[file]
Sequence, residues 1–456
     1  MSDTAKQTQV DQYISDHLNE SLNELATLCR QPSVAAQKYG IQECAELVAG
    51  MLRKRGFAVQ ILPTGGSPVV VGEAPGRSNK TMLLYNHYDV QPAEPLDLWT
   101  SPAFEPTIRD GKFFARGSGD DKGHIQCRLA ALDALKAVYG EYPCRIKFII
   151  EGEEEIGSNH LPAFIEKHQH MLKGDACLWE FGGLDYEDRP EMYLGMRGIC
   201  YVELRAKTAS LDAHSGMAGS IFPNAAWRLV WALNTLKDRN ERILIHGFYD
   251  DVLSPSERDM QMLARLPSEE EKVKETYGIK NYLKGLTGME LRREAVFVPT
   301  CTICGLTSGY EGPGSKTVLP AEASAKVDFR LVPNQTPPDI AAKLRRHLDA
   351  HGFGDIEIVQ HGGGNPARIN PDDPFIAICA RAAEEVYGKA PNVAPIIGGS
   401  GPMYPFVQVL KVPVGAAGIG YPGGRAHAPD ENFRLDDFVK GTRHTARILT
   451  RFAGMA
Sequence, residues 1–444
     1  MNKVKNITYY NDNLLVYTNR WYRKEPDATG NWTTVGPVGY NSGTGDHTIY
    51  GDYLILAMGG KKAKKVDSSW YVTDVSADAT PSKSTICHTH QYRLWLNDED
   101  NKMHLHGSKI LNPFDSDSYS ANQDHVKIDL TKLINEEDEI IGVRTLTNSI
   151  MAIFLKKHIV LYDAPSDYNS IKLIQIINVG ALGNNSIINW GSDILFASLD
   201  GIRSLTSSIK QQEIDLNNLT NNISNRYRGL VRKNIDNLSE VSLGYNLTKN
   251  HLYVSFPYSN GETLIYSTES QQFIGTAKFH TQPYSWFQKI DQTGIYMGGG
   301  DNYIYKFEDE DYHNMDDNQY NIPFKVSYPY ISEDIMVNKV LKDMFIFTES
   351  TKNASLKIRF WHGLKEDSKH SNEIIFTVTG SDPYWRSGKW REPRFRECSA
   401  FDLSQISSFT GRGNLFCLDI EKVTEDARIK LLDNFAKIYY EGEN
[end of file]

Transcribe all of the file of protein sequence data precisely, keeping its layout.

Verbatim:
Sequence, residues 1–456
     1  MSDTAKQTQV DQYISDHLNE SLNELATLCR QPSVAAQKYG IQECAELVAG
    51  MLRKRGFAVQ ILPTGGSPVV VGEAPGRSNK TMLLYNHYDV QPAEPLDLWT
   101  SPAFEPTIRD GKFFARGSGD DKGHIQCRLA ALDALKAVYG EYPCRIKFII
   151  EGEEEIGSNH LPAFIEKHQH MLKGDACLWE FGGLDYEDRP EMYLGMRGIC
   201  YVELRAKTAS LDAHSGMAGS IFPNAAWRLV WALNTLKDRN ERILIHGFYD
   251  DVLSPSERDM QMLARLPSEE EKVKETYGIK NYLKGLTGME LRREAVFVPT
   301  CTICGLTSGY EGPGSKTVLP AEASAKVDFR LVPNQTPPDI AAKLRRHLDA
   351  HGFGDIEIVQ HGGGNPARIN PDDPFIAICA RAAEEVYGKA PNVAPIIGGS
   401  GPMYPFVQVL KVPVGAAGIG YPGGRAHAPD ENFRLDDFVK GTRHTARILT
   451  RFAGMA
Sequence, residues 1–444
     1  MNKVKNITYY NDNLLVYTNR WYRKEPDATG NWTTVGPVGY NSGTGDHTIY
    51  GDYLILAMGG KKAKKVDSSW YVTDVSADAT PSKSTICHTH QYRLWLNDED
   101  NKMHLHGSKI LNPFDSDSYS ANQDHVKIDL TKLINEEDEI IGVRTLTNSI
   151  MAIFLKKHIV LYDAPSDYNS IKLIQIINVG ALGNNSIINW GSDILFASLD
   201  GIRSLTSSIK QQEIDLNNLT NNISNRYRGL VRKNIDNLSE VSLGYNLTKN
   251  HLYVSFPYSN GETLIYSTES QQFIGTAKFH TQPYSWFQKI DQTGIYMGGG
   301  DNYIYKFEDE DYHNMDDNQY NIPFKVSYPY ISEDIMVNKV LKDMFIFTES
   351  TKNASLKIRF WHGLKEDSKH SNEIIFTVTG SDPYWRSGKW REPRFRECSA
   401  FDLSQISSFT GRGNLFCLDI EKVTEDARIK LLDNFAKIYY EGEN